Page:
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Mapping review

Treatment of infant colic

The Norwegian Knowledge Centre for the Health Services was asked by the Norwegian Pharmacy Association to review national and international research concerning treatment of infantile colic.

The Norwegian Knowledge Centre for the Health Services was asked by the Norwegian Pharmacy Association to review national and international research concerning treatment of infantile colic.


Key message

Background
The Norwegian Knowledge Centre for the Health Services was asked by the Norwegian Pharmacy Association to review national and international research concerning treatment of infantile colic.

Objective
The aim of this report was to answer the following question: What are the effects of treatments for infantile colic?

Methods
We systematically searched for literature in relevant international databases, we included articles that met our inclusion criteria, and critically appraised and summarised the results descriptively.

Results
We summarised results from four systematic reviews and found that the following interventions might somewhat reduce the duration of crying:

  • Advise parents to reduce stimulation of the child
  • Cows’ milk free formula to child

Use of sucrose may have an ameliorating effect on infant colic. There is great uncertainty about the effects of the other evaluated options in the included overviews.

Conclusion
Our review shows four promising interventions that might reduce infant crying duration. The interventions are reducing stimulation of the child, use of sucrose and cows’ milk free formula to child. These results must be interpreted with great caution because of great methodological concerns regarding the individual studies included in the reviews.

Summary

Background
The National Knowledge Centre for Health Care was commissioned by the Norwegian Pharmacy Association to produce a systematic review of the present knowledge about the effect concerning treatment of infant colic.

Objective
The aim of this report was to answer the following question: What are the effects of treatments for infantile colic?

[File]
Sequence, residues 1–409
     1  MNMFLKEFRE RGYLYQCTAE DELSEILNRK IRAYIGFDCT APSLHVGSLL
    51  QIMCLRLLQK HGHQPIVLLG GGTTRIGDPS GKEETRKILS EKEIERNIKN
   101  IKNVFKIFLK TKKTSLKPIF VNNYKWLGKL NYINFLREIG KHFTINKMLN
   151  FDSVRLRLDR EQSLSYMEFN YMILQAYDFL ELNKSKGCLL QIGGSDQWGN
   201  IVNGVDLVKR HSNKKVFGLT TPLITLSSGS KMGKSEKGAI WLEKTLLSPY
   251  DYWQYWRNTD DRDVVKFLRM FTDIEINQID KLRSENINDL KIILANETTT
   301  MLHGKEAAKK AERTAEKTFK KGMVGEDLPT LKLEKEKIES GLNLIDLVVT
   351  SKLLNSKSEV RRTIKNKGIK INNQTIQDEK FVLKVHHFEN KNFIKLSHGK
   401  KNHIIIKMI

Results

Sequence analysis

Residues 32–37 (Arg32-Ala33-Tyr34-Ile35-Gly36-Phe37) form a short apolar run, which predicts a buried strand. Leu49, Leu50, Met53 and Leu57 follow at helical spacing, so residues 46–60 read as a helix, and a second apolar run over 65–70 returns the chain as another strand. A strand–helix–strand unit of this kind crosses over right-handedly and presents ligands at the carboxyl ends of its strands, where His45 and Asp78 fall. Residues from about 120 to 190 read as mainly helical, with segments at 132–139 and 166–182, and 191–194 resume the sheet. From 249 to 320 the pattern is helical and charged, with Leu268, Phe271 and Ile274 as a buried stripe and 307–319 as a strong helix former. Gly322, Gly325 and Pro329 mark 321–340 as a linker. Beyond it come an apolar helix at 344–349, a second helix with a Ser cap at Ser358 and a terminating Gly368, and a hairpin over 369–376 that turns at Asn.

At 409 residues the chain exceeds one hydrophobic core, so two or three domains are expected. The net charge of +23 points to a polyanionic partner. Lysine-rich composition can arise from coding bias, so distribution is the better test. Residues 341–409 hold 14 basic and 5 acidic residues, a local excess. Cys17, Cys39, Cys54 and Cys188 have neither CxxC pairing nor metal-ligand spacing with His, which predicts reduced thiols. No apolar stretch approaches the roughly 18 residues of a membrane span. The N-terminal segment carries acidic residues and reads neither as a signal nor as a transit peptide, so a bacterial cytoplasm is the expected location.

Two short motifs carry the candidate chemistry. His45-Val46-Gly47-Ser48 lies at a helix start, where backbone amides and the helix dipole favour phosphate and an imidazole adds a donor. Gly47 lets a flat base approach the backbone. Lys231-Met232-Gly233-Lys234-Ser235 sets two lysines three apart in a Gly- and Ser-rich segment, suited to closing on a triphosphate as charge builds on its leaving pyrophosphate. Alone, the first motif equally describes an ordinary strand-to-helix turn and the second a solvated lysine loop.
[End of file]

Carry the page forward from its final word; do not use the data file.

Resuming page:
Methods
We performed a systematic search for articles in the Cochrane Database of Systemic

Reviews (CDSR), Database of Abstracts of Reviews of Effects (DARE Cochrane), HTA, Medline, Embase, British Nursing Index, SveMed, MIDIRS, Popline og Johanna Briggs Institute.

Two people independently selected studies that fulfilled the inclusion criteria.

The inclusion criteria for this report were:

Population: Infants with colic aged 0-1 year old

Interventions :

  • Pharmaceutical (e.g. simethicone)
  • Alternative (acupuncture, homeopathy, herbal tea e.g.)
  • Nutrition  (e.g. low lactose milk)
  • Treatment by chiropractor
  • Interventions to support the mother or the parents
  • Other (e.g. caring, stimulation by sound)

 

Outcomes related to the child: How long and how often does the child cry a day (reported by the parents), sleep-hours a day, bonding, social interaction between parents and child, weight, symptoms of infantile colic and adverse effect.

Outcome related to the family: Social interaction between parents and child, bonding, coping, stress, quality of life, adverse effects and health service satisfaction.

Languages: Only articles written in Scandinavian or English included.

We performed critical appraisal of the relevant articles that met our inclusion criteria for quality of method, and described the included reviews and studies in text and tables. Furthermore we summarized the results from the included reviews and controlled studies descriptively, as the participants, interventions and outcome measures were too heterogeneous to assimilate in a meta-analysis.

Results
We summarised results from four systematic reviews and found that the following interventions might somewhat reduce the duration of crying: Advise parents to reduce stimulation of the child and cows’ milk free formula to child. There was little or no difference between spinal manipulation performed by a chiropractor or being carried by a nurse 3 times over 8 days for reduction in crying.

Use of sucrose may have an ameliorating effect on infant colic. This result was significant. There is great uncertainty about the effects of the other evaluated options in the included overviews.

Conclusion
Our review shows three promising interventions that might reduce infant crying duration. The interventions are reducing stimulation of the child, use of sucrose and cows’ milk free formula to child. These results must be interpreted with great caution because of great methodological concerns regarding the individual studies included in the reviews.    

About this publication

  • Year: 2009
  • By: Norwegian Knowledge Centre for the Health Services
  • Authors Myrhaug HT, Helseth S, Håvelsrud K, Kirkehei I, Kjellemyr GT, Steen-Johnsen J, Aas-Jakobsen E.
  • ISSN (digital): 1890-1298
  • ISBN (digital): 978-82-8121-276-3